Business owners who belong to the Vallejo Chamber of Commerce mixer have invited Ethan to come and speak at their monthly mixer. More specifically the invitation came from Rich Geist, Director of Public Relations and Sponsorship and his assistant Connie Howard, head of Community Promotion. He is being presented to the community as the youngest entrepreneur/Capitalist that they know. Ethan's very enthusiastic Grandma, who is a member of the Vallejo Chamber of Commerce, was bragging the above story which inspired the invitation. He is scheduled to speak on the 22nd in June (Thursday) at the Solano County fairgrounds from 5:30 to 7:30pm. I'd like to formally invite any of the Free Capitalists (Rick, Michelle, Gabe, Les, etc....) who have the inclination to attend. I thought it only appropriate for one of you to be there as one of the first members of this great Stripling Capitalist Revolution is formally recognized as a contributing member of the community.

As his official speech writer, I'm still formulating his speech in my head, but I'd like to include the thirteen principles, something about "Earth Camp" (that will play into his recycling quite well), a plug for the Free Capitalist project and still have it be short and sweet. I'll post his speech here before he gives it to get some feedback before the big day. Just wanted to give everybody a heads up.

Tuesday, April 25, 2006

First time Recycling

It finally stopped raining last week so I decided to let Ethan take his fliers around to the neighbors. We went at about 3pm last Tuesday and not many people were home. He talked to 7 people before deciding he was tired. Two people said no. The first was an old woman who came down the street wanting to know what we were doing at her neighbors house who wasn't home. He gave her a flier. After looking at it for a second she wanted to know what he was going to do with the money, found that part on the flier and said, "Oh. Well, don't bother going to my house." As I recall she doesn't participate in Halloween either.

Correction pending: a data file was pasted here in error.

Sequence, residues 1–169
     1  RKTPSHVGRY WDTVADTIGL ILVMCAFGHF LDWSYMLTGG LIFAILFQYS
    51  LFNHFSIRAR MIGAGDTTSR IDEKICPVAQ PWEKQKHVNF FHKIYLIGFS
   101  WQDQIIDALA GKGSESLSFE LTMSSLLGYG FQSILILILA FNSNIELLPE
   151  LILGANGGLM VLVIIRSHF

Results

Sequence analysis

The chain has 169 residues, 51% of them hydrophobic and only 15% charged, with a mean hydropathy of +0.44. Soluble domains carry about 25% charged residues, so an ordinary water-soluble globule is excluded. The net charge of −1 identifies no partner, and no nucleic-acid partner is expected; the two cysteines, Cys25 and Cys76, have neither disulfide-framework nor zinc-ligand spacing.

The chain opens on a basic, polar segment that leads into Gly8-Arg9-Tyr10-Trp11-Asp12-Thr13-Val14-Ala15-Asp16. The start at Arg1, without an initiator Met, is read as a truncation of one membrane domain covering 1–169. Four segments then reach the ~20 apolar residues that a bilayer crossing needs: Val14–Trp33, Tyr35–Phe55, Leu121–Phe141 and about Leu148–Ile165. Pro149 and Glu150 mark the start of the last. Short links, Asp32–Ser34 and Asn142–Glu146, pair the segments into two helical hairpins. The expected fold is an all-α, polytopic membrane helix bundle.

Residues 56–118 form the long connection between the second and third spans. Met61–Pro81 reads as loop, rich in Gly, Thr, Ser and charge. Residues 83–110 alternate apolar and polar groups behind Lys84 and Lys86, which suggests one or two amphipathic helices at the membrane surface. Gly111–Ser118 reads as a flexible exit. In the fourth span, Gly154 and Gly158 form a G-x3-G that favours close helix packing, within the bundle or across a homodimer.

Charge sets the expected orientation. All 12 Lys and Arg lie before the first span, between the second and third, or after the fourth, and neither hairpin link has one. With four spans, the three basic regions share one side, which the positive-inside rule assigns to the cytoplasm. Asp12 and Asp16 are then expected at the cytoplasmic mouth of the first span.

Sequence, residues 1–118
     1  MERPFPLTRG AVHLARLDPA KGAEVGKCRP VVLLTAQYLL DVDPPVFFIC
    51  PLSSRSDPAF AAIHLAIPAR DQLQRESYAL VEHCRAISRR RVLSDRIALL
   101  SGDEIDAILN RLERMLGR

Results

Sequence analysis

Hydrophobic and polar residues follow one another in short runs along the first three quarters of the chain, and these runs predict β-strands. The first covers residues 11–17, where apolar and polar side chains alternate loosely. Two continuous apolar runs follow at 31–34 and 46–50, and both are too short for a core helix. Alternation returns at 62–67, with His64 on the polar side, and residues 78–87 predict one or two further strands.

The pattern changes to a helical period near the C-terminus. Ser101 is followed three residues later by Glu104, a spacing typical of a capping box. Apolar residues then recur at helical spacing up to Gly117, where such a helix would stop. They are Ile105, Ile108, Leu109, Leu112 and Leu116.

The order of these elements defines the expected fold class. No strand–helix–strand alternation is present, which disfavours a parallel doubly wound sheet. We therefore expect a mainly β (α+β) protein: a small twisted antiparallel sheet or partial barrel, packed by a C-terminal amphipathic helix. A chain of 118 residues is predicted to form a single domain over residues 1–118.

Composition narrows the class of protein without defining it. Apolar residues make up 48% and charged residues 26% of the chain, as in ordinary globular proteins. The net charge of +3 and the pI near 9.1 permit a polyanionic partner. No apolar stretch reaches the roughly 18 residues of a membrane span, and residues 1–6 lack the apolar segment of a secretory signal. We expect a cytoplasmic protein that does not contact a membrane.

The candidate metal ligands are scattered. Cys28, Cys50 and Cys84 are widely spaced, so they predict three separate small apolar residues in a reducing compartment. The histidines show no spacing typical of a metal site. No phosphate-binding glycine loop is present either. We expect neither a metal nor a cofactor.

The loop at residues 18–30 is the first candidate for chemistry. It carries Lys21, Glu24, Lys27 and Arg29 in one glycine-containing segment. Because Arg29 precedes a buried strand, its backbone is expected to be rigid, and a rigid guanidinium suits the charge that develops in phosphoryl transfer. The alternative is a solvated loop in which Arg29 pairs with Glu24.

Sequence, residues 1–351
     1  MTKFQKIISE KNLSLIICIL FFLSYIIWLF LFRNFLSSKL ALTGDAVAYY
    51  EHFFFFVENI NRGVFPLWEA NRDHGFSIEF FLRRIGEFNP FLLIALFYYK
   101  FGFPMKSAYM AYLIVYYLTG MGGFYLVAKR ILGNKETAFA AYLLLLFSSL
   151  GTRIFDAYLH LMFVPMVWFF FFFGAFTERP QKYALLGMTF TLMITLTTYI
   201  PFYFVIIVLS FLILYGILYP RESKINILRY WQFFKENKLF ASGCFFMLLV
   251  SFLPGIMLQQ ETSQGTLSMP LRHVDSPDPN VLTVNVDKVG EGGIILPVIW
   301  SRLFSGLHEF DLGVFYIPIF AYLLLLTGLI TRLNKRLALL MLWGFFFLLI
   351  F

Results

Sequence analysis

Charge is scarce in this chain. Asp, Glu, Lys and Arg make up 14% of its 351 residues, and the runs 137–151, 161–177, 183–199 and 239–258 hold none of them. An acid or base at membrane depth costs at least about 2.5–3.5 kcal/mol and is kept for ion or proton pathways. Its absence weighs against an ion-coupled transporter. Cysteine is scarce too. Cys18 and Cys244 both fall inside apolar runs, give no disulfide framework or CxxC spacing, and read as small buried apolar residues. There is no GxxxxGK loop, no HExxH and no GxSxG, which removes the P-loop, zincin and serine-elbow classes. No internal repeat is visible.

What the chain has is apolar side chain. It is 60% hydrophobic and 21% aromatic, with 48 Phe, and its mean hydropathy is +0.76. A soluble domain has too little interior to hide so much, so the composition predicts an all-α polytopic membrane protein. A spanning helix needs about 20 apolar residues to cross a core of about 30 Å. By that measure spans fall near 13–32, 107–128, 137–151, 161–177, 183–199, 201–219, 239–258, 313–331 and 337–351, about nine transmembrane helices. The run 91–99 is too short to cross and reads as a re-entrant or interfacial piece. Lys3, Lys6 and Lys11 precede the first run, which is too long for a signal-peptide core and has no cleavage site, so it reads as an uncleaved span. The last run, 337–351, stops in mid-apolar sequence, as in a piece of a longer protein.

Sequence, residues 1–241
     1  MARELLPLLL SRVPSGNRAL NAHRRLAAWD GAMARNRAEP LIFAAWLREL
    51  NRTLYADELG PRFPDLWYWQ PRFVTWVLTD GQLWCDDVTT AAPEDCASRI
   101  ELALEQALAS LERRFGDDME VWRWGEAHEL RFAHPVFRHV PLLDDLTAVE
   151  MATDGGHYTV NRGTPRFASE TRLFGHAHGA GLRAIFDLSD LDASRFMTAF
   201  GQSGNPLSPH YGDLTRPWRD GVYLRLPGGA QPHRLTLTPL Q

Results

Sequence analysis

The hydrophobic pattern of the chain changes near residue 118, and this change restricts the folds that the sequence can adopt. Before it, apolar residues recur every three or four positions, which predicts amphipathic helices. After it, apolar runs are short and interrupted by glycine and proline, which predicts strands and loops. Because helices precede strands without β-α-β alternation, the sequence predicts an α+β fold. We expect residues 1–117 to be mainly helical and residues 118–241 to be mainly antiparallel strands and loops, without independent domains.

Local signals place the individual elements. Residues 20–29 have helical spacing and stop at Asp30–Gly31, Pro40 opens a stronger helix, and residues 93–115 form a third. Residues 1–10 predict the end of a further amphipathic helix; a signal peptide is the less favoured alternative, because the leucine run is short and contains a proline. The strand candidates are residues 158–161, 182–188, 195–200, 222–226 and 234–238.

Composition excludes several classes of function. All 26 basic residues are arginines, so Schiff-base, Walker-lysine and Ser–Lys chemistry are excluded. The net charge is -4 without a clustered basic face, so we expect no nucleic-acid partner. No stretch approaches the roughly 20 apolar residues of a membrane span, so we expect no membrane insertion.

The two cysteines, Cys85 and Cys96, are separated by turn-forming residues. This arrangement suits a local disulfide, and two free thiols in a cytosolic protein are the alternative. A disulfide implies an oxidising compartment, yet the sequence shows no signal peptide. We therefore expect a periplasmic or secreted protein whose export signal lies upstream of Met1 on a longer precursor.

The other woman who said no said she already gave her recyclables to her brother who was blind.

The other five people said they would participate. I must, a week later, I was nervous. What if they forgot? What if they ALL forgot? I play the "what if" game a little too much ( my detriment)

When we first left the house he seemed more interested in finding snails and bugs along our path. I kept telling him, "Focus, honey, ...focus."

Every single person who Ethan gave a box to not only remembered to leave their "Recycling with Ethan" box out today... they were FILLED to capacity. All of them were displayed proudly on their porches with his label facing the street. A few people even put them on cute little stools to keep them off the ground. It was like he was on an Easter egg hunt. After only those 5 houses his wagon was completely loaded. We took it all down to the recycling place and he got $8.17.